Background: The impact of upper limb absence on people’s lived experiences is understudied, particularly in African countries, with implications for policy and service design.
Objectives: The objective of this study was to explore the lived experiences of people with upper limb absence (PWULA) living in Uganda.
Method: Informed by preliminary work, we designed a qualitative study employing semistructured interviews to understand the experience of living with upper limb absence in Uganda. Seventeen adults with upper limb absence were individually interviewed and their interviews were analysed utilising thematic analysis.
Results: Seven themes illustrating the impact on the individual’s life after amputation were identified and categorised into (1) living and adapting to life, (2) productivity and participation and (3) living within the wider environment. This study presents three main findings: (1) PWULA need psychological and occupational support services which are not available in Uganda, (2) PWULA want to work, but face multiple barriers to employment and has limited support, combined with the complex parenting and caring responsibilities, (3) the local Ugandan culture and social structures affect the everyday life of PWULA, both in positive and negative ways.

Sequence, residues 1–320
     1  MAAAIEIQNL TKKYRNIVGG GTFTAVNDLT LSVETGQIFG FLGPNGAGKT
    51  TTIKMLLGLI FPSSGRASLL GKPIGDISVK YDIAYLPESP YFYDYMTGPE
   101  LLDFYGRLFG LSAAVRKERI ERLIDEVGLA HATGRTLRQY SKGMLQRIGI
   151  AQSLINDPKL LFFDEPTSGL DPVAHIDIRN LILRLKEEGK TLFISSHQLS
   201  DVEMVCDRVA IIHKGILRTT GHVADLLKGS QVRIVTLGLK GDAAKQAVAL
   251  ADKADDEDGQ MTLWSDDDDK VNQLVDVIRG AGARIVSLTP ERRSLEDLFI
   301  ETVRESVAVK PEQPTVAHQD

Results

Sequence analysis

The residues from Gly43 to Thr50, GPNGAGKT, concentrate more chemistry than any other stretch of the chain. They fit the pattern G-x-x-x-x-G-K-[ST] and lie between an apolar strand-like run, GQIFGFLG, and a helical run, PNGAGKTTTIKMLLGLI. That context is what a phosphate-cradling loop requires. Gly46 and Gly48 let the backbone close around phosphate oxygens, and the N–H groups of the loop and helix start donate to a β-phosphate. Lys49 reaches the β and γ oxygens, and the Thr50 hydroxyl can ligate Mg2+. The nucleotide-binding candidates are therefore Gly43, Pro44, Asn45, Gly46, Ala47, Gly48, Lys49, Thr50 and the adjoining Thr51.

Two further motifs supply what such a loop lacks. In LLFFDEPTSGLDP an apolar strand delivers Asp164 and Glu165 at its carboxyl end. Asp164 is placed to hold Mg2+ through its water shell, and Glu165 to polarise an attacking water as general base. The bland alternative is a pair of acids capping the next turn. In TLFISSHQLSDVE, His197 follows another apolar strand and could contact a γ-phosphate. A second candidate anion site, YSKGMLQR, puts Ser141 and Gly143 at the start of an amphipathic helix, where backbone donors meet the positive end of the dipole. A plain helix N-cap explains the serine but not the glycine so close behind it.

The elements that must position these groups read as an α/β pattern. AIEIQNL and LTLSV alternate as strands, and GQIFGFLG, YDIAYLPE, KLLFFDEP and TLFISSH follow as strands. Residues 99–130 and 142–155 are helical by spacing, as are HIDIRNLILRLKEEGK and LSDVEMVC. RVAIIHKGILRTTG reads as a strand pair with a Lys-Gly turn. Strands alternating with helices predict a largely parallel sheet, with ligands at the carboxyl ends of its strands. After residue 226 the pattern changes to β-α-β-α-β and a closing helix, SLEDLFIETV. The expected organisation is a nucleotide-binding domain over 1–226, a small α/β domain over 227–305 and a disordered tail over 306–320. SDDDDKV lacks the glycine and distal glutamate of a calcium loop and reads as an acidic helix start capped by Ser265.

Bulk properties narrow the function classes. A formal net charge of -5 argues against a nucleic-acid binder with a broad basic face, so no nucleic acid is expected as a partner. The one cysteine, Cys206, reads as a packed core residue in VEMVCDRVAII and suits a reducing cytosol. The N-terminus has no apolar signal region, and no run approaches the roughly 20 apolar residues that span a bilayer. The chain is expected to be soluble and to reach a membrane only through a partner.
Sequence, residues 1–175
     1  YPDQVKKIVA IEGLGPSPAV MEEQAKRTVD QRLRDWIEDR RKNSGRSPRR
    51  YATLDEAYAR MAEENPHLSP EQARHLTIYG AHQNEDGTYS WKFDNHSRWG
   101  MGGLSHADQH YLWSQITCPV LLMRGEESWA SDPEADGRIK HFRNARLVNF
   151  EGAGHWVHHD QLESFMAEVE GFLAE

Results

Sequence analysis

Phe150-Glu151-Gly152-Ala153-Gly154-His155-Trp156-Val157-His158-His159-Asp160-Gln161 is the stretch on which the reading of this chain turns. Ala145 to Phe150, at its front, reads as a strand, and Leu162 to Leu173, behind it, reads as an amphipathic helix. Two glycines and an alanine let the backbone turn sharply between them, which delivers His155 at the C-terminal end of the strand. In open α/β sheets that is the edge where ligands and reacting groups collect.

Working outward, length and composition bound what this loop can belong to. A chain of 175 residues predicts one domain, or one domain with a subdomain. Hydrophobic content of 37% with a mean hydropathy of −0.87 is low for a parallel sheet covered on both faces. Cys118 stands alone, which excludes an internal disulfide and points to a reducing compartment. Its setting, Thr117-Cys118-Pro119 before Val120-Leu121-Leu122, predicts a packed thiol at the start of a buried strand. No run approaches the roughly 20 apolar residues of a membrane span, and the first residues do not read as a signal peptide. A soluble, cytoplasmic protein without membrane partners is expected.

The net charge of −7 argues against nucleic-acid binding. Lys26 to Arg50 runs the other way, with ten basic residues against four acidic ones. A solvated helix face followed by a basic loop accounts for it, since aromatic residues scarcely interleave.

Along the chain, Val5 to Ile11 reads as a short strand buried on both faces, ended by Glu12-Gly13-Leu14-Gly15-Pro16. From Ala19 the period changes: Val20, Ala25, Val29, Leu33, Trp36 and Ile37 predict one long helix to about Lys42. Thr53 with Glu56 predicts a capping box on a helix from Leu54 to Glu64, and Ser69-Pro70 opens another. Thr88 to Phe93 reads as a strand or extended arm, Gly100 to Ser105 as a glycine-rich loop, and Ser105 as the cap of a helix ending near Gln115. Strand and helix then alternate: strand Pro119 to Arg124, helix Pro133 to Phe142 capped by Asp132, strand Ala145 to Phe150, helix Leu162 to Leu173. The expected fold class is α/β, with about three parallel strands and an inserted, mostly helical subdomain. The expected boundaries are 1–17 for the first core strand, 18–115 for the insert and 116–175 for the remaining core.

Conclusion: This study provides information on the lived experiences of PWULA in Uganda which are lacking in the literature. People with upper limb absence face ableism and hardship underpinned by a lack of formal support structures and policies, which may in turn exacerbate the impact of upper limb absence on multiple facets of lif